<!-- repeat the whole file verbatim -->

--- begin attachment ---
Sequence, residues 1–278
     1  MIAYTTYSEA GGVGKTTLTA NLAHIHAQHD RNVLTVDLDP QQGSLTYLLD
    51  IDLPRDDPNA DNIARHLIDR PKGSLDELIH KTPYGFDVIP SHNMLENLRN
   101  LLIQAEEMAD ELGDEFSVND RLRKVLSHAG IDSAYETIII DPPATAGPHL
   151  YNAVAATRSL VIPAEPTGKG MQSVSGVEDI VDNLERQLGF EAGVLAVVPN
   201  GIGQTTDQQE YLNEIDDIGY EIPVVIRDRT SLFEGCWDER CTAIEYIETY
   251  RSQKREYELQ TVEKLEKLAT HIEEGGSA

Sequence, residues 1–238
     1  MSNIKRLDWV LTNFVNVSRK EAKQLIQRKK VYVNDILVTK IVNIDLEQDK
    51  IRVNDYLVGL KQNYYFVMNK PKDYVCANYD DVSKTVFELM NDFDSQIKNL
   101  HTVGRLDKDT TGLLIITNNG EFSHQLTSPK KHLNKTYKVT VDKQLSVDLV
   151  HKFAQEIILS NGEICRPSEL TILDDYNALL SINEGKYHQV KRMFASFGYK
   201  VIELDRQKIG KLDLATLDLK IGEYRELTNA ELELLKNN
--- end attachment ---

Sequence, residues 1–278
     1  MIAYTTYSEA GGVGKTTLTA NLAHIHAQHD RNVLTVDLDP QQGSLTYLLD
    51  IDLPRDDPNA DNIARHLIDR PKGSLDELIH KTPYGFDVIP SHNMLENLRN
   101  LLIQAEEMAD ELGDEFSVND RLRKVLSHAG IDSAYETIII DPPATAGPHL
   151  YNAVAATRSL VIPAEPTGKG MQSVSGVEDI VDNLERQLGF EAGVLAVVPN
   201  GIGQTTDQQE YLNEIDDIGY EIPVVIRDRT SLFEGCWDER CTAIEYIETY
   251  RSQKREYELQ TVEKLEKLAT HIEEGGSA

Sequence, residues 1–238
     1  MSNIKRLDWV LTNFVNVSRK EAKQLIQRKK VYVNDILVTK IVNIDLEQDK
    51  IRVNDYLVGL KQNYYFVMNK PKDYVCANYD DVSKTVFELM NDFDSQIKNL
   101  HTVGRLDKDT TGLLIITNNG EFSHQLTSPK KHLNKTYKVT VDKQLSVDLV
   151  HKFAQEIILS NGEICRPSEL TILDDYNALL SINEGKYHQV KRMFASFGYK
   201  VIELDRQKIG KLDLATLDLK IGEYRELTNA ELELLKNN